Last Friday I asked readers if foreign policy was going to matter in the race, and if so, who would benefit.

There were those who think it won’t matter. DonaldELJohnson writes, in part: “At this point in time, I’m not sure Americans much care about what’s happening in the Middle East or how [President] Obama and [Mitt] Romney are dealing with the crisis. And I’m very doubtful that this crisis of the week will be much more important than all of those that have preceded it over the last six months.”WillMay agrees: “Foreign Policy is the fourth leg on a three-legged stool; this election will be about Jobs, Jobs and Jobs.” Haunches thinks the media will move on:

Foreign policy will probably not become an issue unless the situation spins out of control even more, meaning more American deaths. The press will never allow it to emerge because it has become obvious during this crisis that Obama has no idea what he is doing. The fact that the State Department needs to correct the President on who is and is not an ally speaks volumes about his incompetence. We are better served by him continuing to golf and fundraise and leave the serious business to adults.

There were those who think it favors the president. Postpat writes, “Foreign policy will be a momentary issue — lasting only as long as voters ask themselves who they want answering the red phone at 3 am. It’s not Romney, I guarantee you.” Merecadans argues: “Foreign policy will not be a major issue unless there is some crisis. In the case of a crisis, any political benefit I’ll accrue to Obama, if for no other reason but the American people do not like to ‘change horses in mid-stream.’ See FDR reelection in 1944.” And Rusto1 agrees: “Despite this week’s flare-up in the Middle East, foreign policy will recede again as an issue. For Mitt Romney, the damage is done. He flubbed another, and perhaps his last, real-time opportunity to appear presidential and competent.”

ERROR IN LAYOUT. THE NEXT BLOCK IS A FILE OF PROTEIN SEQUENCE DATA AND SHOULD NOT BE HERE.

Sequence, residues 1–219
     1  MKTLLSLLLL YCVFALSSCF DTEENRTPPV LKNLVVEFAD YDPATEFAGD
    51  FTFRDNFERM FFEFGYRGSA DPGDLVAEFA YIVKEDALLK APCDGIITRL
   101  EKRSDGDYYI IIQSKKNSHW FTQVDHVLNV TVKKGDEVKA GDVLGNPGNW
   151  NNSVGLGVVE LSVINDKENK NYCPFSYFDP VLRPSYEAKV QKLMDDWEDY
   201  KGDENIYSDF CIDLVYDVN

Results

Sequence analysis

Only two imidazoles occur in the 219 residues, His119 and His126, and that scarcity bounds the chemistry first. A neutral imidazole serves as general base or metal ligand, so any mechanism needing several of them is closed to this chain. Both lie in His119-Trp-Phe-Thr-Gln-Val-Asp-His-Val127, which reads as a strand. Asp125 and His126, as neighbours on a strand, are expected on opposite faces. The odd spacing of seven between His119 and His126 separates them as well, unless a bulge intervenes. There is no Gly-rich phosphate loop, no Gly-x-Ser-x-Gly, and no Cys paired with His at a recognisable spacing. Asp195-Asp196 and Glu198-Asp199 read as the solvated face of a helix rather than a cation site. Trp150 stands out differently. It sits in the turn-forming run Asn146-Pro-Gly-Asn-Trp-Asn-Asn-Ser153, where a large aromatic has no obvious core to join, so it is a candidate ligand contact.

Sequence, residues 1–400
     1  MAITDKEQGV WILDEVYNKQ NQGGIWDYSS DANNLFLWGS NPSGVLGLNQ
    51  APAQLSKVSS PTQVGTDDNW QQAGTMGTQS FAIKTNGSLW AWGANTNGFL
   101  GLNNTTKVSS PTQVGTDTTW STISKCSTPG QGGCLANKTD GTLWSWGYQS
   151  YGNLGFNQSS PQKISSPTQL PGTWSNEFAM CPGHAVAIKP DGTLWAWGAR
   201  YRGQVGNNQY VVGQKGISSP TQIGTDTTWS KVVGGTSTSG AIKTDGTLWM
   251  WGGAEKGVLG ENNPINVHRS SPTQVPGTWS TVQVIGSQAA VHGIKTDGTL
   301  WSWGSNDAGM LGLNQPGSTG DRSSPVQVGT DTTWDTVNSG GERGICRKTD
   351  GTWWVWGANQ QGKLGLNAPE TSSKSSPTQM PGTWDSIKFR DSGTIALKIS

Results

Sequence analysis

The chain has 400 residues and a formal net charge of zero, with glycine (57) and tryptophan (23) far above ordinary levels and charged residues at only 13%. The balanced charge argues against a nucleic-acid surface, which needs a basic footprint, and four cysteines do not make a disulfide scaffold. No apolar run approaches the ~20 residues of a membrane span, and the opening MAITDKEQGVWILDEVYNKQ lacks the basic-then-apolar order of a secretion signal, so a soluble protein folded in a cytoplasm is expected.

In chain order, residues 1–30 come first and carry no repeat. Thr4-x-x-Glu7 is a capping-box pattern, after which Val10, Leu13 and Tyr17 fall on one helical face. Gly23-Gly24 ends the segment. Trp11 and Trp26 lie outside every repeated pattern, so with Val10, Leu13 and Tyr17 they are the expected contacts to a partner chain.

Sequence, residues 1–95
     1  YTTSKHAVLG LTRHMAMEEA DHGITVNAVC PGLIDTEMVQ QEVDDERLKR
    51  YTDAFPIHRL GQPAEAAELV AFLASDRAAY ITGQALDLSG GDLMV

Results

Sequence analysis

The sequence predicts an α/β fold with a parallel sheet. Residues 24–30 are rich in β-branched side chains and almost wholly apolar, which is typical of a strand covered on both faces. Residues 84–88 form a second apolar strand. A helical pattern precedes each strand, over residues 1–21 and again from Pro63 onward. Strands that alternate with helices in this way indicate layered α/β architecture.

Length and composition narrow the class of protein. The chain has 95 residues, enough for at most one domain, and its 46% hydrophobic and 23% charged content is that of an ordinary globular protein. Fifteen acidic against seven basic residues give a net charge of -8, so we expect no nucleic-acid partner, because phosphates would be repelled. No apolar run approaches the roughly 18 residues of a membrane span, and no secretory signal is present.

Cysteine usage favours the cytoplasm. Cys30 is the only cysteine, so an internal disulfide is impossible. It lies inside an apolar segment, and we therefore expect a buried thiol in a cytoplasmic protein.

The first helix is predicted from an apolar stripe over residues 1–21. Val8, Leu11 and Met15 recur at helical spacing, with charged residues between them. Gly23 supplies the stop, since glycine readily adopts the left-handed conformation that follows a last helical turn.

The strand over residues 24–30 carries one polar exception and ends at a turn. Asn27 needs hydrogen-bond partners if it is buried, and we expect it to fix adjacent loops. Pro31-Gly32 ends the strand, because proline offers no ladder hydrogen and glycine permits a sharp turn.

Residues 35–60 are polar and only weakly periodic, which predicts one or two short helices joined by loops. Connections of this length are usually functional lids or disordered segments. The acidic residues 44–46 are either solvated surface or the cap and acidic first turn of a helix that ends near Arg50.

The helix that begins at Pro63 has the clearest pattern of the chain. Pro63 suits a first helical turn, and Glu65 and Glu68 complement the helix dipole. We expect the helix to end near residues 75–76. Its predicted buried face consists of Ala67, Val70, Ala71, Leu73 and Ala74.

And there were those who figure Romney will have the upper hand. Ndc1963 writes: “The conventional wisdom that the Democrats have the foreign policy edge is flawed because America is weaker. Obama has made his view clear that American leadership is harmful. The claim that Obama has made us more secure is false.” Eddiehaskell argues, “The president sets foreign policy; that should be his main job. The meltdown in the Middle East will again bring foreign policy to the forefront of this election, at least temporarily. As soon as it tamps down, if it does, the mainstream media will drop it as it is a losing argument for Obama and his narrative.”

Given the weekend and holiday, we now have some hindsight to assess what impact the foreign policy crisis has had on the race. The answer, to the chagrin of each side convinced it has the upper hand, is: not much, at least in isolation.

The convention bounce has faded. Romney is back talking about the economy and the press is busy obsessing about remarks Romney made to donors.

Foreign policy will become critical, it seems, if Romney can use it in an overarching argument about Obama’s lack of leadership. Events (downgrades, embassy attacks) are buffeting the United States. Under Obama we are not controlling our own destiny.

One might conclude from the last few weeks that virtually nothing the press thinks is important really is. Supposed gaffes don’t really alter the race, and neither does press obsession about internal debates in the Romney camp. The race is deadlocked. And Romney, if he is going to put himself over the top, will need to firmly and aggressively make the case that Obama hasn’t led, bad things ensued and he will do things differently. The rest, quite honestly, is noise.